Published and draft legislation - Spain

Customer Protection

Act 10/2014 - Credit Institution Organization, Supervision and Solvency Act

This act transposes regulatory changes in European law into Spanish statutory law by bringing together in one act regulations applicable to credit institutions in areas such as supervision, capital requirements and penalties.

This legal measure thus establishes a single legal framework on solvency and access to the activity of credit institutions, bringing together legislation previously scattered over various different regulations, some very old and all prior to the global financial crisis. It regulates the general aspects of the system enabling lenders to be certified as credit institutions, as well as the operation of its governance bodies, their supervisors and sanctions that can be applied by the authorities, as well as establishing capital and solvency requirements and appropriate risk management.

The inclusion of Article 5, regulating the protection of credit-institution customers is particularly striking. This article empowers the Ministry of Economy & Competitiveness to issue pre-contractual rules on information to be provided to customers, so that they "explicitly and most clearly" reflect the rights and obligations of the parties and the risks stemming from the service and/or product, so that customers are able to analyze whether or not it fits their needs. The Ministry, within the powers granted, may establish basic conditions for banking services and products that must be duly complied with by entities. It also specifically regulates that fees or expenses can only be charged for services that have been "expressly requested by the customer”.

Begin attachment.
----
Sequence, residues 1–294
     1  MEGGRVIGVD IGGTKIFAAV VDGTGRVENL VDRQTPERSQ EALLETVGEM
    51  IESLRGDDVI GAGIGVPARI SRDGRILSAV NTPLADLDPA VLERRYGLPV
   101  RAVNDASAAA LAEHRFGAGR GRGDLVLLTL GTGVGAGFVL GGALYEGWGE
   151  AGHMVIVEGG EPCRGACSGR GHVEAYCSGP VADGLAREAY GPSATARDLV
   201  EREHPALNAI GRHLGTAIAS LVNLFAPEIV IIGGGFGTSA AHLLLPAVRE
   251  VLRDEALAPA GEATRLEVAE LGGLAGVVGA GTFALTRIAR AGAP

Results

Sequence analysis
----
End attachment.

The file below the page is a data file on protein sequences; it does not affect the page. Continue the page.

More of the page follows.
In reaction to the excesses generated prior to the economic crisis, this law empowers the Ministry to issue rules to ensure that credit institutions perform more robust risk analysis when granting loans. Lenders will be encourage to pay due attention to the customer's income, the adjusted value of their collateral, the impact of potential changes in interest rates on variable-rate loans, etc. Ultimately the idea is to achieve greater rigour in risk assessment.

Additionally, and in order to avoid the application of arbitrary rates against which variable-interest loans are indexed, the Ministry itself or through the Bank of Spain can now regulate these indices in an official capacity.

Finally, all provisions of Article 5 are reinforced by their treatment as organizational and disciplinary regulations of credit entities, which are thus subject to the supervision of the Bank of Spain and the penalty system reflected by these regulations.